He struck without warning, descending quickly upon unsuspecting adolescent girls and committing his dastardly deed with one efficient stroke. Before the victims even had a chance to cry out, his evil work was finished, and the bandit disappeared deftly into the bustling Brooklyn street crowds with his prize in hand... a fistful of hair.
In the late 19th century, the man who would be known as "Jack the Snipper" allegedly lopped off the braids and pigtails of nearly a dozen young girls in Brooklyn and Manhattan. His bizarre crimes sparked a minor hysteria among the teenagers of the city who sang a new song on public school playgrounds that went, "Girls, beware, look out for your hair." The saga played out on the pages of the Brooklyn Daily Eagle for the next three years, with prose and plot twists as gripping as those of Charles Dickens' own serial urban dramas.
This tale of villainy started innocuously enough, with the serial haircutter's first foray into criminality described by the Brooklyn Daily Eagle as merely an "unpleasant adventure" for its victim. On the wintry afternoon of January 13, 1891, fourteen-year-old Lulu Hewitt was strolling to her classes at public school no. 15 when, seemingly out of nowhere, a strange man grabbed her, cut off her two long braids of hair, and dashed off. It all happened so quickly that Lulu was unable to give the police much of a description of her assailant, saying only that he was "of medium height and wore a dark coat." It could be anybody! The incident may have been forgotten as one of the many random oddities of big city life, had it not been for a similar attack two days later:
It was a scenario unnervingly similar to Lulu Hewitt's experience only two days prior: seventeen-year-old Mamie McMurray was window shopping along Grand Street, near Leonard Street, when she felt "a slight tug at her locks, but paid no attention to it, as she supposed it was the mischievousness of some passing boy." She would soon discover that it was something far more sinister when, upon returning home, her sister cried out that Mamie's foot-long golden braids were missing. Mamie grabbed at her hair, only to find that her beloved locks had been "ruthlessly shorn."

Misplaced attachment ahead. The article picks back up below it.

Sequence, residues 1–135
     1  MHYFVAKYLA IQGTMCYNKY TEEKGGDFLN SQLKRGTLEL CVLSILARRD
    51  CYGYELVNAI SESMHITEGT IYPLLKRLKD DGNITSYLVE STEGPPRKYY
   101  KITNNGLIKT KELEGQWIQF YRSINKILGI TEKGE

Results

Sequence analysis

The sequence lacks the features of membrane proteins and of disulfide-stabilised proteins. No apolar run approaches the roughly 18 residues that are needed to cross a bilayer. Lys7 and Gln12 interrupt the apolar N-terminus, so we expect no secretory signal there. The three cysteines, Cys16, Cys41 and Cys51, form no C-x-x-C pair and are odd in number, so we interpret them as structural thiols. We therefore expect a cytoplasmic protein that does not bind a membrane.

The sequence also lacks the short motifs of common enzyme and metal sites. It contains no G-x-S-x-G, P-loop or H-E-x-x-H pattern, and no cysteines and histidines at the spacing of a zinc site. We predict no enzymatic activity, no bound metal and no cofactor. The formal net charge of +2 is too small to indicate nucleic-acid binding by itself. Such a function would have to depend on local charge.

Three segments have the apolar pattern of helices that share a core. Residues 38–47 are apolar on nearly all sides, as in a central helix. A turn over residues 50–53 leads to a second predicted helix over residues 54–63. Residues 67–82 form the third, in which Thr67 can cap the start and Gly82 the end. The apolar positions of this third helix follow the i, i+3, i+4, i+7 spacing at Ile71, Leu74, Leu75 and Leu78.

By the end of the month, two more girls reported attacks of a similar nature. The Eagle catapulted the phenomenon into a full-blown crisis, and gave the anonymous criminal a catchy moniker, with their provocative January 28th headline:
The answer to that question, in fact, seemed to be "maybe not." As the Eagle and police probed victims' testimony further, they found troubling discrepancies. One girl in particular, Gertrude Breast, told a tale that was a bit too far-fetched to be believed. She claimed that the Snipper had been following her for days before he struck, and that he had an accomplice; a woman who, after Gertrude's hair had been cut, gave the girl a ribbon that had fallen from her hair and told her to run along home. Police searched every house in the neighborhood, but could find no such lady. Gertrude also waffled on the appearance of her attacker, at one time saying he had no beard, then a black beard, then a light moustache. Reports from friends and neighbors that Gertrude had been heard bragging about what she would do if the Snipper tried to cut her hair put the final nail in the coffin; the girl had cut her own hair! Detective James Reynolds of the Tenth Precinct told Eagle reporters his conclusions--that a "hair-cutting mania has broken out among the school children," due to the recent crimes, and that, "a great number of them want to be heroines. At this time, as the mania reached its height, Jack the Snipper (if there truly was a Jack the Snipper beyond the hyperactive imaginations of Brooklyn schoolgirls) appears to have taken a respite from his activities. With little Gertrude Breast exposed as a fibber, the story lost the public interest even if it did live on as an urban myth on Brooklyn's playgrounds.